Wednesday, 30 January 2013
The White Stuff
Hammerton station was like Poppleton, only lesser in every way. There were still level crossing gates, but instead of a cosy signal cabin, there was a dowdy office and a hut painted Northern Rail purple. There was seating, but no glass enclosure to keep you warm. The station house had been allowed to fall into disrepair.
And the tiny station sign was non-existent, leaving me to squat in front of the platform boards like a nutcase. More of a nutcase.
After a terrifying moment where a fellow passenger pushed her pram onto the level crossing just as the train started to move (there was a fevered honk on the train horn) things thinned out. The gates were restored to let the traffic (/one Nissan) through, the signalman ducked back into his little office and closed the door, and the station fell silent. I was walking in the opposite direction to everyone else, away from the much larger Green Hammerton.
It was a lot lonelier this way. I had the Kinks playing in my ears (sadly not The Village Green Preservation Society, which would have been appropriate) but it still seemed like there was a deathly hush around me. Ray Davies was singing his heart out by I felt deserted somehow. While Poppleton had felt at peace in the snow, this village seemed to be abandoned.
I entered Kirk Hammerton at a fair speed (a line which wouldn't be out of place in the memoir of a 1970s gay porn star). Getting to the next station, Cattal, in an hour, was a bit of a stretch without me breaking into a sweat. I was already doing the full I'm a little teapot arms to try and stay balanced; the speed gave me a camp mince that even John Inman would have called "a bit much".
It was obvious that I'd moved up the social scale when I arrived in Kirk Hammerton. The cars by the side of the road, thick under a coating of snow, were Audi TTs, BMWs, hefty 4x4s with mud splattered up the side. This was the kind of Yorkshire Jeremy Clarkson came from, the Yorkshire of public schools and hunting and women with a scarf and a fleecy gilet and a steely determination that could sink the Ark Royal. A different Yorkshire to the cities of Leeds and Sheffield, a place for pony clubs instead of working men's clubs.
I mean, it was all very pretty, but I just didn't feel comfortable there. I'd much rather have been in the Lord Nelson in Nether Poppleton, drinking my pint of Thomas Taylor and entering the Sunday night raffle (1st prize: £20 credit behind the bar). Kirk Hammerton didn't even have a pub.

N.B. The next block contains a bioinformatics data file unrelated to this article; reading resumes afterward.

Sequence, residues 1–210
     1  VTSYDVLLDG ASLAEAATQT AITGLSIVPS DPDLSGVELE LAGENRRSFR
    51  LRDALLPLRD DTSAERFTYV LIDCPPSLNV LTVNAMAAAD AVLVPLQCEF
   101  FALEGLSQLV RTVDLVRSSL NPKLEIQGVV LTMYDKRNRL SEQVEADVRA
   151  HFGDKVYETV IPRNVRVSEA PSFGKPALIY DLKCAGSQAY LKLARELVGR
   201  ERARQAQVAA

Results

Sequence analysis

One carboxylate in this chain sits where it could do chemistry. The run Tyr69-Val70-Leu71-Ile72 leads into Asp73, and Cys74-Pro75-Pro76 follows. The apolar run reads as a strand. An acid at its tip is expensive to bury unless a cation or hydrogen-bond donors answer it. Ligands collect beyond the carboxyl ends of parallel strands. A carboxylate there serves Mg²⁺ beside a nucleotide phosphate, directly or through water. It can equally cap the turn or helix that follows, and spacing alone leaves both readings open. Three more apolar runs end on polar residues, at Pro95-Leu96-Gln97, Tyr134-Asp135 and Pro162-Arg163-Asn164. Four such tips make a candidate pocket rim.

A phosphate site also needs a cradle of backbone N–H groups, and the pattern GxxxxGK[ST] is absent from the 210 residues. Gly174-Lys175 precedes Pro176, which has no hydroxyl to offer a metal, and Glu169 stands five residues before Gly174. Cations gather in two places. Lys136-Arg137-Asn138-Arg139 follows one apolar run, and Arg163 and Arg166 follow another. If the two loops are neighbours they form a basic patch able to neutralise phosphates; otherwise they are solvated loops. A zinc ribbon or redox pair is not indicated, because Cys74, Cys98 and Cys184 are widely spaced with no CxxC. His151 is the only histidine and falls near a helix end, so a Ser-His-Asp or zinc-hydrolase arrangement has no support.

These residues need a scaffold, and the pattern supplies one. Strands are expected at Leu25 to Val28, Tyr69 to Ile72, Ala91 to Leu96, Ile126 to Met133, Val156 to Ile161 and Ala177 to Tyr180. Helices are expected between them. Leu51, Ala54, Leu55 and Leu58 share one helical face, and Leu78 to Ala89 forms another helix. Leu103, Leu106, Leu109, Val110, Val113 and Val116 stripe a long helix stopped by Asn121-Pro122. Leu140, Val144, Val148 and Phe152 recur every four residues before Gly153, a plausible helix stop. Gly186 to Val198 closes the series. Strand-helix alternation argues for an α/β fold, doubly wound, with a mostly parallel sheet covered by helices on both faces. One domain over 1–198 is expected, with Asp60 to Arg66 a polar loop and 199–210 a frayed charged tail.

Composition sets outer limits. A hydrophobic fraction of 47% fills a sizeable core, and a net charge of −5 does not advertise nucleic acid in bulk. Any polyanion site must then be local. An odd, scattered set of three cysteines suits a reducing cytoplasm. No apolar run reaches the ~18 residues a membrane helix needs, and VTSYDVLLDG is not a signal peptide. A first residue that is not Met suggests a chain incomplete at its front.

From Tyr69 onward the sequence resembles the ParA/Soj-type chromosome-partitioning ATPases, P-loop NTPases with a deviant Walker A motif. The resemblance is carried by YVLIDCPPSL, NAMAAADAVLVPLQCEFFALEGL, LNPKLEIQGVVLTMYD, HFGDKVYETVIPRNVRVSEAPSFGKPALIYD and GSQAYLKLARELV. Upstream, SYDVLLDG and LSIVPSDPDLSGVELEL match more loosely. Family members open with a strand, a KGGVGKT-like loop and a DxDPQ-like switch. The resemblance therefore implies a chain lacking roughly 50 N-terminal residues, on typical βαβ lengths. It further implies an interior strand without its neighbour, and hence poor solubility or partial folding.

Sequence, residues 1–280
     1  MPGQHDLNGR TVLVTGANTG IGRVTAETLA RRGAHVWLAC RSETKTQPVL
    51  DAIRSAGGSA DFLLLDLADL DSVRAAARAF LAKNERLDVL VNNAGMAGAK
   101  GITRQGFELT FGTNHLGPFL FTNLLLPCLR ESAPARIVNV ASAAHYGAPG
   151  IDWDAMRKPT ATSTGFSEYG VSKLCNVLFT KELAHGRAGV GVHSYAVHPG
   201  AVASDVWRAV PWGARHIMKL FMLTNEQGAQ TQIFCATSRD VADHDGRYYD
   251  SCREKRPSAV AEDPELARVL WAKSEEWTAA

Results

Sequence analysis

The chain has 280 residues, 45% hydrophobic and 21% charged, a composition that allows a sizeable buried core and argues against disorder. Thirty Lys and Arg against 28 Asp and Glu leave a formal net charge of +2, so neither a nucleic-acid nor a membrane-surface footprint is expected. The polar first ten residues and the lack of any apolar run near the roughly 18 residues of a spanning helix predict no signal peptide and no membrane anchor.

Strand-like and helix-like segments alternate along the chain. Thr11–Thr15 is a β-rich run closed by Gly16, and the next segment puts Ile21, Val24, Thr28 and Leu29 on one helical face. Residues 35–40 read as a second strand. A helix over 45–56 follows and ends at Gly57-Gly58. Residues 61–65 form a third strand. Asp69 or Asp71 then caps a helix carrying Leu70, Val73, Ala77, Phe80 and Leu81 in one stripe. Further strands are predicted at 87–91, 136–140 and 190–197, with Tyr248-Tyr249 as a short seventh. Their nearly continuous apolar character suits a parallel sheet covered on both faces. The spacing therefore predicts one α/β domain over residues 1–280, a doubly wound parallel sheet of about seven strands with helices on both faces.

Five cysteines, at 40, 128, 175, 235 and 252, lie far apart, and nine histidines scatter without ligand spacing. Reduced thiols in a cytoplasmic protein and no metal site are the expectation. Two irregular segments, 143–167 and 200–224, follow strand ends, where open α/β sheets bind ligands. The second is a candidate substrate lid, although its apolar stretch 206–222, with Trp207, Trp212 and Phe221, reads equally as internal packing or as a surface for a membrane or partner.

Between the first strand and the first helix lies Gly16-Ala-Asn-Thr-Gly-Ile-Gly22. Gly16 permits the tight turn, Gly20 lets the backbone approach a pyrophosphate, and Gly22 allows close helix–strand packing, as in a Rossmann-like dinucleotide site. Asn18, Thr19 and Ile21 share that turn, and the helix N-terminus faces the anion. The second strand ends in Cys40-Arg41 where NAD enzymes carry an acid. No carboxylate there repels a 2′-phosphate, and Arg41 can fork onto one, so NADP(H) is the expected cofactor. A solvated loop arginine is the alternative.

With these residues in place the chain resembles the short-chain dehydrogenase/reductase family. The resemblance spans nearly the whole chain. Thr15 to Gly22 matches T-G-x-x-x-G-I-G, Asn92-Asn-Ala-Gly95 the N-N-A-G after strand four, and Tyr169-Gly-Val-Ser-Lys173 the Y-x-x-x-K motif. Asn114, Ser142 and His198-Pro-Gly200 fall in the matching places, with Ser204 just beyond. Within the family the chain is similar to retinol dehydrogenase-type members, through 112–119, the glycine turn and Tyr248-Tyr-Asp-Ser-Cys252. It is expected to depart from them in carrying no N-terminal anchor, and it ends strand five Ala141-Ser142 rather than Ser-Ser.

I passed the Methodist church; there was a postbox on the front for you to post your prayer requests, which struck me as appallingly lazy. Say your own damn prayers instead of getting someone else to do it for you. Besides, if He truly is omnipotent, surely you can say the prayer anywhere, at any time? You could be stuck at a traffic light or on the loo and slip out a quick wish list while you're waiting.
The cottages got smaller as I reached the end of the village; one had a flag pole higher than the roof flying the Union Jack, which made me wonder if it was occupied by the Navy Captain from Mary Poppins. Then the pavement ran out, and I was left with a bench and a village sign and a lot of snowy embankments.
Have you ever tried walking quickly in snow? Your feet and legs are fighting to gain some kind of purchase on the ground. Each step is a wrench, pulling at your muscles in a dozen different directions. I felt my calves strain as I pushed on, hoping that the station was round each corner, and being disappointed every time it wasn't. I tried walking in the road, but just as I got comfortable, a Beemer would swing round behind me and I'd have to leap onto the verge. The slow thaw had filled the gutters with a thick slush; every time a car passed I muttered "please don't splash me, please don't splash me".
And yet, I looked at all that virgin, untouched snow in the fields alongside me, and I had a mad urge to run around violating it. Stomp all over it, defile it, make it messy. Strip naked and roll around in it. Lie down in it and make snow angels. I didn't of course, because I am at heart deeply repressed, but the idea bounced around in my head for most of the walk.
I passed under the railway line, then back on myself, nearly getting mown down by a cyclist on the way (my fault, not his). Cattal station was a tiny industrial hub; the goods yard had been turned into a wrecking yard, and there was a garage and some agriculture. There was also a pub, the Victoria. This must be Yorkshire's version of Jamaica Inn, a den of thieves and malcontents, a front for all sorts of nefarious activity, because I can't possibly imagine it gets many drinkers out there.
Cattal's little station building housed a tiny waiting room, which was warm and dry, if a bit rough round the edges; the signs inside still had the logo for Regional Railways in the corner. Northern Rail clearly weren't too bothered about making this part of their empire.
I wandered out onto the platform to wait for the train to arrive. I couldn't imagine that this scene had changed much for fifty years. The rusting gates, the semaphore signals, the cold little hut. A few more electric cables dangling down, perhaps, but the rest could have been cowering under the Beeching cuts.
One thing was very definitely not 1960s. The door to the cabin swung open and a blonde woman walked out to operate the level crossing. I know it shouldn't have surprised me that there was a woman doing the job, but it did. Trains are boy's toys; I'd seen it a couple of weeks earlier at the National Railway Museum, with enthusiastic men and less enthusiastic wives. It still feels odd to see a woman doing a role on the tracks that isn't customer service related. Sorry.
Abandoning my horribly sexist preconceptions, I got back on the train to York. My legs were tired (they still hurt now), my feet were wet, I looked a complete mess. But that was another three stations done.